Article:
Farina started back in the silent era and may not be known to many old-movie cultists even now, but Lee recalls he was so

popular in the mid-1920s as an on-screen toddler that President Coolidge was a known fan and Duke Ellington recorded a 78 titled “Li’l Farina, Everybody Loves You.” Little Farina (yes, he was named after a breakfast cereal) was early on cast as both a boy and a girl, in dresses and pigtails; once he got too old for the films, the trade papers announced he was going to be replaced by “another of similar hue.”

Since many of the Gang-sters were sought out as adults to be interviewed by reporters and film scholars, Lee’s jam-packed history contains quotes from several of her main subjects, recalling (and here things get really sad) the problem that affects all child actors, whatever their race: “turnover,” the unavoidable moment when the fact of having grown too old arrives. Stymie (Matthew Beard, whose post-Our Gang life was a sad tale of petty crime and addiction) remembered getting a “funny feeling” that “they’d brought Buckwheat in when I started getting too large just as they had brought me in when Farina started getting too large; and I knew that Farina had had the same feeling when I took his place.”

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Julia Lee is an assistant professor of English at the University of Nevada Las Vegas, but Our Gang is not one of those academically written film books clogged with jargon, but a fully fleshed-out and colorful pop-culture history: of Hal Roach, of the Roach Studios lot and both early Hollywood and L.A. culture. 

As a serious researcher, Lee dutifully lays out the various institutionalized and insulting black character-stereotypes from the earlier age of minstrel shows that were inherited by the Our Gang series. This meant “pickaninny” roles for toddler-age black kids (pigtails, a cotton “dress,” exaggerated dialect, “mammy” talk, etc). The audience, the director, everybody was laughing at the kid more than with him (for instance, a black child falling into a barrel of flour was also a standard gag). But “while the series did employ racial jokes,” Lee writes, “it also exhibited an ‘egalitarian tone’ where ‘the Negro became a peer of the Whites.’” By the late 1930s, the more broad racial jokes at a child’s expense were gone. On the other hand, when an adult black man or woman showed up in these films in small parts — well, you don’t want to know.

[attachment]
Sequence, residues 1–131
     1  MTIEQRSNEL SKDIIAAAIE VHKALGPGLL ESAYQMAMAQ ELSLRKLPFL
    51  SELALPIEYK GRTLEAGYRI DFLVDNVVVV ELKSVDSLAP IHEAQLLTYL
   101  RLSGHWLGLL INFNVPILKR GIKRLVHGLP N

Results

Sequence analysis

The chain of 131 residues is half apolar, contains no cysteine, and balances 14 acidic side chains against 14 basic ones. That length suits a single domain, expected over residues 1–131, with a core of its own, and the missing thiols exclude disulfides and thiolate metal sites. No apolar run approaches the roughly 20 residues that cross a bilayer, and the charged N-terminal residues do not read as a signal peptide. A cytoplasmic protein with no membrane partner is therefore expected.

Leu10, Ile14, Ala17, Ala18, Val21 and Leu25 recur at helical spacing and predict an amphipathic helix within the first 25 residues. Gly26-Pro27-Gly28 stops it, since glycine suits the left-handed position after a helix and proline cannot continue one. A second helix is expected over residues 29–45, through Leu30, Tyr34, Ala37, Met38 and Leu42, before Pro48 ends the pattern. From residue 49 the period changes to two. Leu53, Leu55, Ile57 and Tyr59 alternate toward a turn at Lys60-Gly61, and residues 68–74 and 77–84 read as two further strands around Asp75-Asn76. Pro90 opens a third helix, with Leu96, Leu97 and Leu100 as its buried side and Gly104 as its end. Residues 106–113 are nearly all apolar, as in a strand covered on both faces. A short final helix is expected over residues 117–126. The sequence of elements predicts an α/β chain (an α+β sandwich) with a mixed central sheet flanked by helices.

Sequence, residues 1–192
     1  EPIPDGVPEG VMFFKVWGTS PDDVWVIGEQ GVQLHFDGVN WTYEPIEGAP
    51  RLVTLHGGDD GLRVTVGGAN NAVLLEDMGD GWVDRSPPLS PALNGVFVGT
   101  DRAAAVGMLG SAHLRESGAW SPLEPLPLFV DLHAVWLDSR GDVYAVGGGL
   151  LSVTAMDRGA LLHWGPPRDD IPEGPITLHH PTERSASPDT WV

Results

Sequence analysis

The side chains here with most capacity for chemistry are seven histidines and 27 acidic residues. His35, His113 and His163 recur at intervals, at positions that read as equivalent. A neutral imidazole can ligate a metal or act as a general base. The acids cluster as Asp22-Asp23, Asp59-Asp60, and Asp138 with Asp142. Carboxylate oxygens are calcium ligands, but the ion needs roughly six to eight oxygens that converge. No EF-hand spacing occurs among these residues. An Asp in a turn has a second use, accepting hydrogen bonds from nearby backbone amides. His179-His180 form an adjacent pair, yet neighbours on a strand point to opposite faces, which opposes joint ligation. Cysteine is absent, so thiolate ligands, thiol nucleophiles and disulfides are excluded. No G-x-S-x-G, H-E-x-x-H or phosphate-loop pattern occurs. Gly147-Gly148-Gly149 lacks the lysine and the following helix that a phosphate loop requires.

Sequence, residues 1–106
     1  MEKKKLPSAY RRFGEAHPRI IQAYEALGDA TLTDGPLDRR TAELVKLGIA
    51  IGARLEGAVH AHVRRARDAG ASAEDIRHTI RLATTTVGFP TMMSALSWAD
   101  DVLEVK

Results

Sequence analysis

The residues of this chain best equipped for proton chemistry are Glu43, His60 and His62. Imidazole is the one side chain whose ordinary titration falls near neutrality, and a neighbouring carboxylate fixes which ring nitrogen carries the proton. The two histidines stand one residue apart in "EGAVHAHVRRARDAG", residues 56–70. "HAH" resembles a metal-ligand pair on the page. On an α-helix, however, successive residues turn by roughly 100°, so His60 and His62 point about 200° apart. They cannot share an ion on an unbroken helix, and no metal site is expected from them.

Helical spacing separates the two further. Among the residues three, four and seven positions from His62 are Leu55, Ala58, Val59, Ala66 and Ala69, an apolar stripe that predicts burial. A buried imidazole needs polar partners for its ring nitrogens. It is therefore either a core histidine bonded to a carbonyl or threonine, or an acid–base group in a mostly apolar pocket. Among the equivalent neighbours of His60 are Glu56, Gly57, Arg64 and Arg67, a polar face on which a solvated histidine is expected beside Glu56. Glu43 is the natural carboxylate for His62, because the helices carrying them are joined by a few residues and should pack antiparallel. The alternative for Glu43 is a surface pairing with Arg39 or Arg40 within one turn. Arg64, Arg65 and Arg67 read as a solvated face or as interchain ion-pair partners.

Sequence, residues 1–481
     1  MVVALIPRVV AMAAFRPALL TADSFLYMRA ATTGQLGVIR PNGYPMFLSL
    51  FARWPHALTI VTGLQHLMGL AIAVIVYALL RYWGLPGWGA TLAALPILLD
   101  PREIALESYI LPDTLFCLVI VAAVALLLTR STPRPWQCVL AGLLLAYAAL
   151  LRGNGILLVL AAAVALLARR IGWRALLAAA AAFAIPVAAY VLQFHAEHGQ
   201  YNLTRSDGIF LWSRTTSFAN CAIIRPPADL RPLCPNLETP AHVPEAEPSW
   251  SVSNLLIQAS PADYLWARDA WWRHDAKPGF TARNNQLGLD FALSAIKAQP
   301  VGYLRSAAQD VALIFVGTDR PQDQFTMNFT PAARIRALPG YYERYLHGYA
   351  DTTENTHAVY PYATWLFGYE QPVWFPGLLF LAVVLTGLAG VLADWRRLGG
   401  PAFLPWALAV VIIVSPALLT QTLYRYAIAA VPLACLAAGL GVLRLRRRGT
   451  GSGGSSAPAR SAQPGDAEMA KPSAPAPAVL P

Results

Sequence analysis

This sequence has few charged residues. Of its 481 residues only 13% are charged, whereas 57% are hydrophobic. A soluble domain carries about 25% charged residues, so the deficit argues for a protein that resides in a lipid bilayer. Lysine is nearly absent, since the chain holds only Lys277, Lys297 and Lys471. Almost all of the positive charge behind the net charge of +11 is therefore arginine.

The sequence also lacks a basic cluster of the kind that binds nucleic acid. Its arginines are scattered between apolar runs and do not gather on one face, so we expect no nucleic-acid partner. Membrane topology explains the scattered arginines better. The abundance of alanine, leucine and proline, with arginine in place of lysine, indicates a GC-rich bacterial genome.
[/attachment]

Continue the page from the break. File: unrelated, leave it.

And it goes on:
Our Gang also suggests that, at least for a while (going way, way back), L.A. really was a more relaxed, less nasty environment for black people to live in, especially coming from the south (Los Angeles schools were desegregated as early as the 1880s). The great W.E.B. DuBois visited here in the 1910s and wrote, “Nowhere in the United States is the Negro so well and beautifully housed,” describing black Angelenos as “an aggressive, hopeful group … full of push and energy.”

But again, the see-sawing of attitudes and history played itself out here just as it did everywhere else in terms of race. “We suffer almost anything (except lynching) right here in the land of sunshine,” Lee quotes one colored resident of Los Angeles as writing, in the bad old days of 1912. “You can’t bathe at the beaches, eat in any first-class place, nor will the street car and sight-seeing companies sell us tickets if they can possibly help it.” In fact, a designated beach existed in Santa Monica for black people during the 1920s, the very moment that the following editorial, quoted by Ms. Lee, appeared in the Los Angeles Times: “When you consider that, man for man, in every way — in thrift, in property, in education, in art, in literature and in the highest forms of culture, the American negro stands equal today with the American white man, how can you fail to honor and respect him?”